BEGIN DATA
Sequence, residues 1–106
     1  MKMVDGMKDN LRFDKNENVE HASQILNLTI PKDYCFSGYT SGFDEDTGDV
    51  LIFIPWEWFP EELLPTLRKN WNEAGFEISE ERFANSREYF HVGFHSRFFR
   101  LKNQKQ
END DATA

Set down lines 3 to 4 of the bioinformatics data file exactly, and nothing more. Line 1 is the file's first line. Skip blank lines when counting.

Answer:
    51  LIFIPWEWFP EELLPTLRKN WNEAGFEISE ERFANSREYF HVGFHSRFFR
   101  LKNQKQ